Inside the Black Box of Microeconomists’ Firms: Technologies
Economists don’t take the nature of changing inputs into outputs for granted. Since Adam Smith, economists have been describing in various ways the methods a firm can use to transform inputs into outputs, which they call technologies.
A technology is a description of the way a firm transforms inputs into outputs. Economists aren’t restrictive about what makes a technology. Rather than take a narrow definition or restrict the meaning of technology to a particular kind of machine, they take a wider view and say that any method of turning inputs into outputs fits the bill. Whether it involves buying wood and carpentering wood into furniture, or employing people to help clients understand financial planning, it doesn’t matter: Those are both descriptions of a technology.
The inputs that go into a technology are called the factors of production. The three most common factors of production are
Land: They ain’t makin’ any more of it
Land is without doubt an important factor of production, but it tends to be studied apart from other inputs. Land costs can be significant and important to the firm, taking up the greater fraction of operating costs for businesses in some places. Land costs can be made worse by restrictions on bringing new land into use or preventing new uses for old land — for instance, in turning former agricultural land into housing.
When economists consider the inputs available to a firm, land is generally held constant and looked at in specific contexts of urban growth rather than considered as part of a technology.
Labor: Getting the job done
The human element of production is labor, usually denoted by L and typically measured in man-hours per week. The firm hires labor by paying wages, w, per man-hour to the workers who are hired to do the work. Thus the total a firm pays out in labor costs is w times L, or wL.
To begin with, economists assume that workers are indistinguishable and undifferentiated so that each worker makes the same contribution to output. This is only where things begin, though, because later, when you’ve got the hang of the general picture, you can use a variety of more advanced tools to look at various differences between or among workers and how these differences affect output or costs. But for the moment, assume that workers are the same and that each one is neither harder working nor shirking.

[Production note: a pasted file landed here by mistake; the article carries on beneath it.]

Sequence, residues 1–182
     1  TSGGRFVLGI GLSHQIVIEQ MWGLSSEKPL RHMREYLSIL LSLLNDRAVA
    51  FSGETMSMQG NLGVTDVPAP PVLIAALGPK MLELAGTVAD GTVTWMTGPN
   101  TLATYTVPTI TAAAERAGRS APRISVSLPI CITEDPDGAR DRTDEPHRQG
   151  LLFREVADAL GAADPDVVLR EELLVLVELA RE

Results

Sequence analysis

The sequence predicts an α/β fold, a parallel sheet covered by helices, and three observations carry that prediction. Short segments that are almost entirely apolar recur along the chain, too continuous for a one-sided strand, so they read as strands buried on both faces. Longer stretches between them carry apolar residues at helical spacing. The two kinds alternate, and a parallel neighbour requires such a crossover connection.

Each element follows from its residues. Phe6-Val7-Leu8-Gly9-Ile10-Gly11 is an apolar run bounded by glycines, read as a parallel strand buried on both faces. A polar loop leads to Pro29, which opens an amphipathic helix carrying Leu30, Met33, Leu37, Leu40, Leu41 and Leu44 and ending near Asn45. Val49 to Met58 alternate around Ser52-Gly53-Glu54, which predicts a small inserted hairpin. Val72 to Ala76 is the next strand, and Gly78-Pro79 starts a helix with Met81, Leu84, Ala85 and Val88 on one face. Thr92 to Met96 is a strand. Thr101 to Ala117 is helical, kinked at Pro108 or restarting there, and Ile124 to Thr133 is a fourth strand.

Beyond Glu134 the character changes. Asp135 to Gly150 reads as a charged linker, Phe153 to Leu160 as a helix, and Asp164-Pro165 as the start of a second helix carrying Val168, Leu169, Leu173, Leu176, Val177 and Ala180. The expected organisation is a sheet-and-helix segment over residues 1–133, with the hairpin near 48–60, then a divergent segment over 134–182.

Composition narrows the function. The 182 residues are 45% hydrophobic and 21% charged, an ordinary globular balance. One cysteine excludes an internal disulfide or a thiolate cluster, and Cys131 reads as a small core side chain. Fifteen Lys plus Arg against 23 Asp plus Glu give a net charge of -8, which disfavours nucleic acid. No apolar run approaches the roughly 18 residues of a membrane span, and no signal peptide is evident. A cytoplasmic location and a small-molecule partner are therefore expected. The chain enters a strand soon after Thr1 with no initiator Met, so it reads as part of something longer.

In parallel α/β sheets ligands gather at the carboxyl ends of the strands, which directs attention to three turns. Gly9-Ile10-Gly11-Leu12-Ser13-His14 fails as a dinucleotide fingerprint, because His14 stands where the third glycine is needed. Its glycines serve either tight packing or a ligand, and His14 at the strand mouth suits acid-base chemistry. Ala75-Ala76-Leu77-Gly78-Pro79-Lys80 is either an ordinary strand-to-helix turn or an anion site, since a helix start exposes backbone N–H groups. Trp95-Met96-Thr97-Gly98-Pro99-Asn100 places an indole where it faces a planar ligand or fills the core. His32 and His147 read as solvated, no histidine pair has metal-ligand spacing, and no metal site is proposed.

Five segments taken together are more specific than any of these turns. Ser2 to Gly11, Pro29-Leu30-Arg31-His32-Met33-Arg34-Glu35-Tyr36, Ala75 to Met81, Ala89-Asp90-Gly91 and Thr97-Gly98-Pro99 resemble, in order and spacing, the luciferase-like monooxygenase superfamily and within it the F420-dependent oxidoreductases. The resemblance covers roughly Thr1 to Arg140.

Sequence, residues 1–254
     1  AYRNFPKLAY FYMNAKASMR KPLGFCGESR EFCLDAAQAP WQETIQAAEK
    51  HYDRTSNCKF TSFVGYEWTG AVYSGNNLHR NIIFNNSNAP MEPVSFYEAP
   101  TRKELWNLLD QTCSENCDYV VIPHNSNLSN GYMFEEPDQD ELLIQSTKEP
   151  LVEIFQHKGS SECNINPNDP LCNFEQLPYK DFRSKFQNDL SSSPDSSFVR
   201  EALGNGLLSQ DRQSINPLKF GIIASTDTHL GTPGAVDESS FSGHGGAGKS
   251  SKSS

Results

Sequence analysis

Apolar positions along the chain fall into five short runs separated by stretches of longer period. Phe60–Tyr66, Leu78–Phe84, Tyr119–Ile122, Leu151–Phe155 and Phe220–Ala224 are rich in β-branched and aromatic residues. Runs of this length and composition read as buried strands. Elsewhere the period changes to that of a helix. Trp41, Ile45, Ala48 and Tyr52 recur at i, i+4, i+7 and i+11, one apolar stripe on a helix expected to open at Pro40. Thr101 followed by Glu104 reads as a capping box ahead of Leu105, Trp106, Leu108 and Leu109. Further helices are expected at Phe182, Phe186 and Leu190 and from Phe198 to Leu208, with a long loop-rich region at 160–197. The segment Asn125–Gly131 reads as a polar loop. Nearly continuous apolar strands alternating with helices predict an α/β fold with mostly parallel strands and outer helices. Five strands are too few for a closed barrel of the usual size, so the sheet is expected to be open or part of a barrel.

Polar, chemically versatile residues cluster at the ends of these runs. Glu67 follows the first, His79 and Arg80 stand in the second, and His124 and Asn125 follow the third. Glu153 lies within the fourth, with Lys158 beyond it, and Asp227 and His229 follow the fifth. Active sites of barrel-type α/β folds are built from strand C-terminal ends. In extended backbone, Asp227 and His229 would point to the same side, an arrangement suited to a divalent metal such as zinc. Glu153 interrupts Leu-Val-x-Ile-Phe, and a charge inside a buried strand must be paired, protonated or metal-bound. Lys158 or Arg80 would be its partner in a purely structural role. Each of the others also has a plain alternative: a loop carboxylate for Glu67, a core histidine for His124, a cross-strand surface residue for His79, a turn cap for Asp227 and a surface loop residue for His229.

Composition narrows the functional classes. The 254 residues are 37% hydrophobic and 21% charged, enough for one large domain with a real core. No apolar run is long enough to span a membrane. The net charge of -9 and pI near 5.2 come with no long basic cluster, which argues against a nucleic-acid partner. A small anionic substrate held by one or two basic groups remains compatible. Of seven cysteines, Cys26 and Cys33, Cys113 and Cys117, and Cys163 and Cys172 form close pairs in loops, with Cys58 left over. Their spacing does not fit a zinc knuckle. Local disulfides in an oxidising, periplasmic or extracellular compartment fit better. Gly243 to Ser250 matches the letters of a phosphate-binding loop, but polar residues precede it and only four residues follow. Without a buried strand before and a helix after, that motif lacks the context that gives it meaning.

Capital: Tangible and intangible
Labor is important, but workers can’t create an output on their own without at least some equipment. Carpenters need woodworking tools, and authors need nice flashy laptops, or at least yellow legal pads and pens. Therefore, labor has to be combined with the other factor of production: capital.
There are two types of capital:
Tangible capital: Includes physical capital such as tools, machines, and plant equipment, often measured in machine-hours. A machine is durable and is able to yield a certain number of machine-hours before it breaks down and has to be replaced.
Intangible capital: Includes such assets as brand value and the knowledge and skills embodied in the firm. (Skills embodied in labor are often called human capital.)
In each case, the capital plus labor combine to make the output, and so capital is generally held to be useless on its own. The cost of a unit of capital is denoted by r. This isn’t quite the same as the interest rate, because it has to cover the opportunity cost of doing something else with your money rather than buying or investing in capital. If r goes up, then the purchase of capital or investment by firms falls because of the following:
If the firm has to borrow money to increase its use of capital at a higher cost of borrowing, the firm has to borrow more money to invest in the capital it wants.
If the firm is investing its own money, then a higher cost of capital implies that the opportunity cost of investing is higher and that a firm wants higher returns to capital to compare with other opportunities. Therefore, the firm is likely to use less capital.
You can use a number of techniques to evaluate the costs of using and deploying capital, most of which are based on how investors discount the receipt of revenue earned in the future or discounting the value of future earnings and costs so that future and present costs and benefits can be compared.